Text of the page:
Is Over-the-Counter Cialis Coming to a Pharmacy Near You?

Eli Lilly and Sanofi try to follow in Merck's and Pfizer's footsteps, converting their prescription drugs to over-the-counter status.

May 31, 2014 at 3:10PM

Soon men may be able to go into the drugstore and pick up some Cialis for their erectile dysfunction without stopping at their doctor's office for an uncomfortable conversation first.

Eli Lilly (NYSE:LLY) and Sanofi (NYSE:SNY) announced a deal on Wednesday that will allow Sanofi to pursue regulatory approval of an over-the-counter version of Cialis in the US, EU, Canada, and Australia. The terms of the partnership weren't disclosed, so it's impossible to say whether Eli Lilly, which sells the prescription version, got a good deal licensing off the over-the-counter version.

Eli Lilly made a good choice to partner the over-the-counter version since it doesn't have a consumer health division. Sanofi bought Chattem a few years ago for its marketing channels and launched an over-the counter version of its prescription allergy drug, Allegra, in 2011. Merck (NYSE:MRK), which launched a generic version of Claritin, would have been a good option, but the consumer health division is in the process of being transferred to Bayer. Johnson & Johnson was the other obvious choice having taken Zyrtec OTC after purchasing Pfizer's (NYSE:PFE) consumer health division.

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Source: Eli Lilly

Sanofi will likely launch the drug after the patents expire in 2017. Switching to over-the-counter is a good way for companies to retain some sales when generic versions flood the pharmacy. It's easier to compete with generics on the pharmacy floor where many consumers will pick the name brand product even if it costs a little more than it is to compete with generic prescription medications because pharmacists default to the generic unless the doctor or patient explicitly asks for the brand-name drug. Merck sold $471 million worth of over-the-counter Claritin last year; not exactly the blockbuster it once was, but that's still a solid chunk of change.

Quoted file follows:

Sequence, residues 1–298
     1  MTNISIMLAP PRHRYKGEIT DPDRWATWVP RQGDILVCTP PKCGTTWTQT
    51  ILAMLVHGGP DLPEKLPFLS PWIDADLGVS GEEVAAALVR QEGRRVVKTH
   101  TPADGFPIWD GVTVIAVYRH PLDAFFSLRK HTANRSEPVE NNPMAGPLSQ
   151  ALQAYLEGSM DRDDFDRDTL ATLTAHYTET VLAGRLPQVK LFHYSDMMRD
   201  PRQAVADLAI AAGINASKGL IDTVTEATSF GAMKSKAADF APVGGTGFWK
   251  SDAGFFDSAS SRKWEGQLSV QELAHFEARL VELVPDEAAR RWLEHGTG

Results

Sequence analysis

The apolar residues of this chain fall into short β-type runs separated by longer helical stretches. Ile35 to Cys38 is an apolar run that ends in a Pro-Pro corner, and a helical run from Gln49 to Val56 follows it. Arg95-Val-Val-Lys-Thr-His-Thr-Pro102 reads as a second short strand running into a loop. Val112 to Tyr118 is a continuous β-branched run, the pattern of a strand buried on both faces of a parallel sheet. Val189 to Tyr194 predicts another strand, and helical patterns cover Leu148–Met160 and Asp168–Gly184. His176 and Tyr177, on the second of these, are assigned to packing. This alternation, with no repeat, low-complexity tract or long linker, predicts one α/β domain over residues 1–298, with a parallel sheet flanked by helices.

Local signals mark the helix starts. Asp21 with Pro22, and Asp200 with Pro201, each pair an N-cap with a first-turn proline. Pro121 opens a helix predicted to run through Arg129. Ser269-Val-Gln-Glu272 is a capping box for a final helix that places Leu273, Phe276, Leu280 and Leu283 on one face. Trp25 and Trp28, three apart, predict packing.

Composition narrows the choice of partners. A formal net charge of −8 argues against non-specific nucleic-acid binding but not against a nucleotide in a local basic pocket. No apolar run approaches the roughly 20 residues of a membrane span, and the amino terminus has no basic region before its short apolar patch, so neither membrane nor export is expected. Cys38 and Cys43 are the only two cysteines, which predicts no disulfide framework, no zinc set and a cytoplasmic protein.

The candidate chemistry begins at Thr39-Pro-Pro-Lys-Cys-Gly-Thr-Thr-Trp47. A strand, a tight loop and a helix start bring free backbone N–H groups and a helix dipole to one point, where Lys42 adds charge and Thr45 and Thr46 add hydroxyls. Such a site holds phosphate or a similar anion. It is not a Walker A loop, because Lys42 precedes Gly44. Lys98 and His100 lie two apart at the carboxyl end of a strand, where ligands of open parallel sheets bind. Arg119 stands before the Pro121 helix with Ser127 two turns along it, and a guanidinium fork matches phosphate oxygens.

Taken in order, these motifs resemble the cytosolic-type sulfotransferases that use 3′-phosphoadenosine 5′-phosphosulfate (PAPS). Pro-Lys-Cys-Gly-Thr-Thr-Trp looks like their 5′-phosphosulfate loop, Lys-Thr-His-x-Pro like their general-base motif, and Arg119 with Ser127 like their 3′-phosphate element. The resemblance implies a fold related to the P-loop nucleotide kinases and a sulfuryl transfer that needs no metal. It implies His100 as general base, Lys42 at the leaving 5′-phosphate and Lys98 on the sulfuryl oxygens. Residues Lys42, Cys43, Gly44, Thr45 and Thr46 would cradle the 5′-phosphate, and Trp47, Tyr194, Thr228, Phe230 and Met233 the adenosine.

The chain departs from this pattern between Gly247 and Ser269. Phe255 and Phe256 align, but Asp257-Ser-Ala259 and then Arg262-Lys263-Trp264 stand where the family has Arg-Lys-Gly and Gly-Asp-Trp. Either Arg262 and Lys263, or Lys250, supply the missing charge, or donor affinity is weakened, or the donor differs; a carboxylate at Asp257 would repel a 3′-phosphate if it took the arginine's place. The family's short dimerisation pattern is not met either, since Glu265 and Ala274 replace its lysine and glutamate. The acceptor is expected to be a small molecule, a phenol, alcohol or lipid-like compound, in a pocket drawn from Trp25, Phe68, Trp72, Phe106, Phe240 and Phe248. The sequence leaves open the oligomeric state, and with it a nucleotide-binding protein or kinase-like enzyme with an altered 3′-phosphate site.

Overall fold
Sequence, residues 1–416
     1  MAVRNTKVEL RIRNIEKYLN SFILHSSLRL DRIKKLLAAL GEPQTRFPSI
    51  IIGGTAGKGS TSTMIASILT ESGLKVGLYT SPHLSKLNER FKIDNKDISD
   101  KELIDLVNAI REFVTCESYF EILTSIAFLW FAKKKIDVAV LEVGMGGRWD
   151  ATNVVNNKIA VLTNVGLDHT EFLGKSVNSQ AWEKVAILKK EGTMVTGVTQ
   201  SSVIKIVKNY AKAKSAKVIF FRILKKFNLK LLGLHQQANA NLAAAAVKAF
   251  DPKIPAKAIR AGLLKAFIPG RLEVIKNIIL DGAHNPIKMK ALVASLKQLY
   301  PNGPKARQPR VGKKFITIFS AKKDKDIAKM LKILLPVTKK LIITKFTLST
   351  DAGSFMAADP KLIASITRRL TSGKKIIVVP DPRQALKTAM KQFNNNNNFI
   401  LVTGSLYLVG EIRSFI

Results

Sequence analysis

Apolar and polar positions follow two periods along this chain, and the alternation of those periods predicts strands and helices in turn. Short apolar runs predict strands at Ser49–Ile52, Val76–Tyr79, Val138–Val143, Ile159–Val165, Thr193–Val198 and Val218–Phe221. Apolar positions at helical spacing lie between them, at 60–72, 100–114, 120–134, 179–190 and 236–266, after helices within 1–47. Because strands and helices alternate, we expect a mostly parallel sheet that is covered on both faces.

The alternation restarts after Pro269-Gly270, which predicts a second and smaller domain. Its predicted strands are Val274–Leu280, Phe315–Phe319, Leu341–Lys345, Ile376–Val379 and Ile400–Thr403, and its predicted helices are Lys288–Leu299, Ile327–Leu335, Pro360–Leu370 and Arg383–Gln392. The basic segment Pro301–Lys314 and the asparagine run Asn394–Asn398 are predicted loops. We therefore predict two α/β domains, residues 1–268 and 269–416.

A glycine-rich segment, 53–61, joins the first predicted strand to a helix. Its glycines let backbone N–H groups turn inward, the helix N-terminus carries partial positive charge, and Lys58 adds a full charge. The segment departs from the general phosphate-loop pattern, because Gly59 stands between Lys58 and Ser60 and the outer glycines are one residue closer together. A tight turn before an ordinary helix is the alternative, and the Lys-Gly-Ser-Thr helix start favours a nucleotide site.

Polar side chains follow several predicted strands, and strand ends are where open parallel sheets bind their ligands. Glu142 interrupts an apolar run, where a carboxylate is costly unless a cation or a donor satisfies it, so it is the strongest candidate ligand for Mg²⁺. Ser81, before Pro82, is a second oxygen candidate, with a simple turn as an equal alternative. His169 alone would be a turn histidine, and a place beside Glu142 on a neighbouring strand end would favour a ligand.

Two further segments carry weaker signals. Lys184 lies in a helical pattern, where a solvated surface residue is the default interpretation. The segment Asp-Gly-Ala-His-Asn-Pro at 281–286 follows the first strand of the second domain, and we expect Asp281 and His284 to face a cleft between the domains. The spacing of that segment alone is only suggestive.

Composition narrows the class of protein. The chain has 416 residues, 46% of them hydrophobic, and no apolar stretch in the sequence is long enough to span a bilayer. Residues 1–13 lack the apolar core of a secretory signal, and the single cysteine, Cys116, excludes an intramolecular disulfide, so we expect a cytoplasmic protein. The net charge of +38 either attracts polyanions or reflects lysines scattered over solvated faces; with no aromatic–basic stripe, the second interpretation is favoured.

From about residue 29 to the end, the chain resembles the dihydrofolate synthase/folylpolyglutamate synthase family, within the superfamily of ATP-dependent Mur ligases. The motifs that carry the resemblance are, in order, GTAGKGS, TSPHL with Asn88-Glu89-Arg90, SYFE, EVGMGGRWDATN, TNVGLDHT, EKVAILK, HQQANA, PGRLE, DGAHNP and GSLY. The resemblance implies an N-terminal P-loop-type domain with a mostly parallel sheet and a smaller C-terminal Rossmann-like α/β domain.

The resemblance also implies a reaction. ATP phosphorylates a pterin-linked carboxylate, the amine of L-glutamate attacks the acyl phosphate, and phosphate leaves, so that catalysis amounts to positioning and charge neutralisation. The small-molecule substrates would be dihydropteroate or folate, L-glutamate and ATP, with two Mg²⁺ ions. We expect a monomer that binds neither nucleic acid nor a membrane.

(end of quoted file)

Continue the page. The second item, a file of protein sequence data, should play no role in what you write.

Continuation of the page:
Getting an over-the-counter version approved is far from guaranteed. Pfizer tried to get its erectile dysfunction drug, Viagra, moved to over the counter in 2007, but eventually withdrew its request, possibly because the FDA gave the company an indication that it wasn't approvable as an over-the-counter medication.

To switch to over-the-counter status, the FDA will need to be convinced that patients can successfully diagnose their condition, which doesn't seem too hard. But the agency may be worried that patients' erectile dysfunction is a sign of another problem, such as clogged arteries, which won't get treated if patients self-diagnose.

The FDA will also want to make sure patients can take Cialis safely. The drug isn't supposed to be taken with nitrates for heart problems or alpha-blockers for the treatment of benign prostatic hyperplasia, an enlargement of the prostate gland. It's also not supposed to be taken by people that shouldn't be having sex because of cardiovascular issues.

The FDA may require Sanofi to do a usability study to confirm patients can correctly differentiate whether or not they can safely take over-the-counter Cialis. The agency is making Pfizer run a trial to see if patients can safely take its cholesterol drug, Lipitor, over the counter, although that's a little more complicated because it requires patients to get their own blood test.

Sanofi and Eli Lilly likely face an uphill battle to get an over-the-counter version approved because the FDA may ultimately decide that the risks to patients outweigh the limited potential benefit -- convenience and avoiding that uncomfortable conversation. Still the potential reward for the companies if the FDA decides to approve over-the-counter Cialis makes it worth pursuing even if it is a bit of a long shot.

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Brian Orelli has no position in any stocks mentioned. The Motley Fool recommends Johnson & Johnson and owns shares of the company. Try any of our Foolish newsletter services free for 30 days. We Fools may not all hold the same opinions, but we all believe that considering a diverse range of insights makes us better investors. The Motley Fool has a disclosure policy.

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